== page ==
PAS Finds

PAS Finds (w/e 02/06/23) – Dragon Slayer

PAS Finds (w/e 02/06/23) – Dragon Slayer

My selection of the detecting finds recorded at the PAS during the week ended 2 June 2023.


Two finds this week, produced some 400 years apart, share a similar image of a hero slaying a dragon.

This theme can be found in many cultures: Apollo kills Python in Greek mythology, Seth battles with Apopis in ancient Egypt, in Norse mythology Thor’s nemesis is the World Serpent Jörmungandr and the Hindu god Indra slays the dragon Vritra.

The Christian tradition comes from the Book of Revelation Chapter 12:

7 Then war broke out in heaven. Michael and his angels fought against the dragon, and the dragon and his angels fought back.

8 But he was not strong enough, and they lost their place in heaven.

9 The great dragon was hurled down—that ancient serpent called the devil, or Satan, who leads the whole world astray. He was hurled to the earth, and his angels with him.

— Revelation 12:7–10 (NIV)

Archangel Michael Slaying the Dragon by Tommaso del Mazza
Archangel Michael Slaying the Dragon by Tommaso del Mazza, 1380-1389

This is a late 14th century painting of Archangel Michael slaying the Dragon.

Michael standing on the dragon symbolises the victory of good over evil; the dragon’s wings are immobilized whilst the angel’s wings extend beyond the the punched border of the gold background. 


Gold angel of Edward IV

Photo: Sussex Archaeological Society CC By SA2.0
Period: Medieval
Date found: 26/05/2023
Location: Horsham, West Sussex

A gold angel of Edward IV’s second reign (1471-1483) with E and Rose by ship’s mast. This is the first example of this coin type recorded from Sussex and only the second from the south-east of England. Hence, it is a find of note of regional importance.

The angel had been introduced by Edward in 1465 during his first reign.

Church of England Temperance Society Medal

Photo: The Portable Antiquities Scheme CC By SA2.0
Object type: Medal
Period: Modern
Primary material: Copper alloy
Date found: 12/05/2023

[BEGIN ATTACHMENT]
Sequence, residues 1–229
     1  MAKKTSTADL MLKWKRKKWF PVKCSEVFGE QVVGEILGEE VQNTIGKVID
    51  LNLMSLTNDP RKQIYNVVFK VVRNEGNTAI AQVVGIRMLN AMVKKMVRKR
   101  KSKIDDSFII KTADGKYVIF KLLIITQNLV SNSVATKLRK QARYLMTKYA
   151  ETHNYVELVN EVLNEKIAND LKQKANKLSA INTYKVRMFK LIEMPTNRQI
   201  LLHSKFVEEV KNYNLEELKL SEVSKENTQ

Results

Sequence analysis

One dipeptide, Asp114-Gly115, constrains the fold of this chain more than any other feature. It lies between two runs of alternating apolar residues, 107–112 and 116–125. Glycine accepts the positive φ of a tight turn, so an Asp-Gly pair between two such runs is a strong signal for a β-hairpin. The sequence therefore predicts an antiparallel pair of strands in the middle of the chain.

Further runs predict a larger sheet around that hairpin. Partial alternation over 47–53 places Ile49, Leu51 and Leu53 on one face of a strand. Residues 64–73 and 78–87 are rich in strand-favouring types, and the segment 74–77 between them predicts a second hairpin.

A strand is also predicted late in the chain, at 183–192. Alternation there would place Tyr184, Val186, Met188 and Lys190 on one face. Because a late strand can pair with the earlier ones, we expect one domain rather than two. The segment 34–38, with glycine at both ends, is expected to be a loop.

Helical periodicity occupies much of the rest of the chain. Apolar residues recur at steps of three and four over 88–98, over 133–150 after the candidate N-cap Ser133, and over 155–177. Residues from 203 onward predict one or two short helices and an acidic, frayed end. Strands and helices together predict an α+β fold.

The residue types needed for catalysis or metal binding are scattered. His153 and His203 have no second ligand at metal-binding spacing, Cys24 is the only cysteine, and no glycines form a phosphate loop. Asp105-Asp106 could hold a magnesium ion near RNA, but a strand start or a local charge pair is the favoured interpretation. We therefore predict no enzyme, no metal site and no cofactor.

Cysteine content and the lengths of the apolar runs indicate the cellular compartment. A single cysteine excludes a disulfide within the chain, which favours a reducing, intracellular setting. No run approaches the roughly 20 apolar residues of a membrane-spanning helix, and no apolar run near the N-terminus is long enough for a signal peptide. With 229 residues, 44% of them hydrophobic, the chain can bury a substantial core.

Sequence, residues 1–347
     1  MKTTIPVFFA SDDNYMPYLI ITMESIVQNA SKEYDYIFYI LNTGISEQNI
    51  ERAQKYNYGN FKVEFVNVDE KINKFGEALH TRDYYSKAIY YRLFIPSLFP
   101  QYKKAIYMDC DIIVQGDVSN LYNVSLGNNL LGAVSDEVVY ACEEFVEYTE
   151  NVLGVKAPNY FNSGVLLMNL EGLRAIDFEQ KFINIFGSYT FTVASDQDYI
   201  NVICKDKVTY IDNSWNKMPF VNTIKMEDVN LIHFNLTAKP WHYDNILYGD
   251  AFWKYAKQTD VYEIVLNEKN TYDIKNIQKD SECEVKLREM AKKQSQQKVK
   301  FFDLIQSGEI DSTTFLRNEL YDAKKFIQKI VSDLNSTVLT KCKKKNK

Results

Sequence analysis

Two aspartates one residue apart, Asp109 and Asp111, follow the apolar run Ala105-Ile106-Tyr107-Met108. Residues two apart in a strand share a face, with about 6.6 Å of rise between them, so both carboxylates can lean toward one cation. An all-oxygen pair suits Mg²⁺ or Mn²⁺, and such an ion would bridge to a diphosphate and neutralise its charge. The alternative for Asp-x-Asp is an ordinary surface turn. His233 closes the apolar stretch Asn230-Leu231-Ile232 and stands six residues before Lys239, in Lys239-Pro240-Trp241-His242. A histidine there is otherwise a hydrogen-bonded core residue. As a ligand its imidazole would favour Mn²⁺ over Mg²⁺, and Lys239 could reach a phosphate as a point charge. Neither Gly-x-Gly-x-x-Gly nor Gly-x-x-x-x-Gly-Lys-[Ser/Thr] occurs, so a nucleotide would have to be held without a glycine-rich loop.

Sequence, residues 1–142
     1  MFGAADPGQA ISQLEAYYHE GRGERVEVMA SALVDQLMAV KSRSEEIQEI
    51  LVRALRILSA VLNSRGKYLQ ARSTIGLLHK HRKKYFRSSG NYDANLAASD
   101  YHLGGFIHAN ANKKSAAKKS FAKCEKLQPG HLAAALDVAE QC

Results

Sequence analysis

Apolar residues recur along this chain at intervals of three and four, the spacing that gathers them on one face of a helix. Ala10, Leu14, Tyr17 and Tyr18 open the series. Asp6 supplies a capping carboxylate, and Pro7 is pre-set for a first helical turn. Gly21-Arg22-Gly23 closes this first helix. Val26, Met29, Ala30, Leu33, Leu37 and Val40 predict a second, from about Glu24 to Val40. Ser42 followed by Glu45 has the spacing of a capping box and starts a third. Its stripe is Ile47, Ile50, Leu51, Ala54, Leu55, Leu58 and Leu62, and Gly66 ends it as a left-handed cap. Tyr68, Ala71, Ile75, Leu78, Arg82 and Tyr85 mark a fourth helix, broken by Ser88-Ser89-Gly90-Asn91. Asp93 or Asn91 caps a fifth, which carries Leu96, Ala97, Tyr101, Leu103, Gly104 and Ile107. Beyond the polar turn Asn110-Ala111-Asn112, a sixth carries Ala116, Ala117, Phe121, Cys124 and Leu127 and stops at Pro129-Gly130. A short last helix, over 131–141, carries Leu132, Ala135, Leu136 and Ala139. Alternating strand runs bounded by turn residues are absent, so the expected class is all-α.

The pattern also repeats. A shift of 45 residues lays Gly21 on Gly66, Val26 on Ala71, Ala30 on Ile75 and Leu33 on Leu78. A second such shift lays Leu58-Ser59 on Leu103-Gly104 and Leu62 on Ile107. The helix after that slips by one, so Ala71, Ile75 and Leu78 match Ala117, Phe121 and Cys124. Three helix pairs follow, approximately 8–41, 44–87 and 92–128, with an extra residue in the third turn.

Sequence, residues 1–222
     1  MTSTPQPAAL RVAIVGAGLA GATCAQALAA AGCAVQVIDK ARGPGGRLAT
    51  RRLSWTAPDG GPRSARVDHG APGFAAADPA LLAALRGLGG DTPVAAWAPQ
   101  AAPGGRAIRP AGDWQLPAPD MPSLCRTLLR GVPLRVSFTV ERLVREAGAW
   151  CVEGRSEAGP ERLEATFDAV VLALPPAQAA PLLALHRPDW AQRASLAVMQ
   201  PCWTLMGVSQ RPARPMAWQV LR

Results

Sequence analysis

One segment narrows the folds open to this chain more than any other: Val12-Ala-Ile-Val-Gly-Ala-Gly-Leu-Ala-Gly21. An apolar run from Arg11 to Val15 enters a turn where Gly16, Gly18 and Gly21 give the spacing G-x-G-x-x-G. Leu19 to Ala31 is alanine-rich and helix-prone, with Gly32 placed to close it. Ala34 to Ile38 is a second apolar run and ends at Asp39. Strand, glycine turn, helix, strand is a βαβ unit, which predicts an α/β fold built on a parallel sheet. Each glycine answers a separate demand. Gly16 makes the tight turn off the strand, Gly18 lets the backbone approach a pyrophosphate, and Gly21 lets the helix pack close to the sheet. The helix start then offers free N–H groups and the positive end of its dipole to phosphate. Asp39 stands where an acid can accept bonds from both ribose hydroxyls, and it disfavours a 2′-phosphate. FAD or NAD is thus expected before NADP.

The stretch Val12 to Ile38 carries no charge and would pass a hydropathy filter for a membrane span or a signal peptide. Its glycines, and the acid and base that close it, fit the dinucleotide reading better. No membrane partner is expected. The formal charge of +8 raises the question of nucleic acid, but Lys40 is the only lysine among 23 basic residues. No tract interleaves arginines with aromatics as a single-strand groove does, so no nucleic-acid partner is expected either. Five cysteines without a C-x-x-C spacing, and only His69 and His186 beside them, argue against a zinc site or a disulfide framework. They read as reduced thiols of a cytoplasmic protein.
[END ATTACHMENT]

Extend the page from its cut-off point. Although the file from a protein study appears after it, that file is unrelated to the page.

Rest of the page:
Location: Ripon, North Yorkshire

This better example more clearly shows the design of the medal. On the obverse is Saint George slaying the dragon with the inscription “Church of England Temperance Society”.

On the reverse is a bible crossed by a sceptre with the words “Whether therefore ye eat, or drink, or whatsoever ye do, do all to the glory of God.” which is from Corinthians 10:31.

When the temperance movement first came across from America in the late 1820s the Church of England wasn’t that enthusiastic although individual clergy did embrace it. In 1861 a small number of them met to form the Church of England Abstinence Society. This soon changed to the Church of England Temperance Society or CETS. This reflected their unique difference in ideology from the teetotal societies in the rest of the temperance movement; CETS claimed drinking in moderation was the superior position to total abstinence.1

Probationary service

In 1876 a printer called Mr Rainer went to court on business and saw how little help the prisoners received. He wrote to CETS to suggest they help and enclosed five shillings to help start a fund. This became known as the Police Court Mission and this became the origin of the modern probationary service.


  1. Shiman, Lilian L. “The Church of England Temperance Society In the Nineteenth Century.” Historical Magazine of the Protestant Episcopal Church 41, no. 2 (1972): 179–95.
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